Did the Pandemic End the Car's Domination of New York Streets?
Henry Grabar writes:
In the year since the pandemic shut down New York City, momentum has been building around the idea that the city ought to take back more space from cars. Especially while it’s still in partial hibernation.
The various phases of the pandemic have given repeated occasions for New Yorkers to witness what a city can be without cars filling every space to the brim and beyond.
"We no longer had to imagine a city that gave less of itself to automobiles; we were suddenly, sort of accidentally, living in it," write Grabar.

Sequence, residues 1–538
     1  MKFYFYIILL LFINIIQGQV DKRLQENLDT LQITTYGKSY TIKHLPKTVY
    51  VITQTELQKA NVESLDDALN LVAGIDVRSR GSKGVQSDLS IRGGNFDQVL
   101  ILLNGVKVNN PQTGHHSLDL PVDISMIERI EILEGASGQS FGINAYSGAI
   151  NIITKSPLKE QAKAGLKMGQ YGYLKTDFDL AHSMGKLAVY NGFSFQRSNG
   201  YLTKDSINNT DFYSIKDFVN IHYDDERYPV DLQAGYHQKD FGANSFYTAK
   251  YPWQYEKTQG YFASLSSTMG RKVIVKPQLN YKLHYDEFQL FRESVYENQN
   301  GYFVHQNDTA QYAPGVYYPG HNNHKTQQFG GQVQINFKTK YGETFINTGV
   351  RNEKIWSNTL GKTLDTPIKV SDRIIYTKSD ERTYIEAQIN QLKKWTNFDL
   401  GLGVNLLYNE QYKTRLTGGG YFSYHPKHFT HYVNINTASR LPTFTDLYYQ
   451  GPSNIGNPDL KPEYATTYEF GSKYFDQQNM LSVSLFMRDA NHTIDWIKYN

The Big Apple's low car ownership rates and high population density make it the natural candidate to push the experiment even further, according to Grabar, and one safe streets organization, Transportation Alternatives, has recently published a report called 25x25 that imagines the possibilities of closing one-quarter of the city's streets to automobiles by 2025.
Grabar lists some of the potential outcomes envisioned by the report, like 1,000 miles of pedestrian streets, a car-free block available for play in front of every public school in the city, 500 miles of bus lanes and 40 miles of busways, and 5.4 million square feet of street space available to local businesses and nonprofits, among many, many other possibilities.
The kicker for Grabar's take on the report: New York has the most expensive land in the world—more of it should do something other than store cars.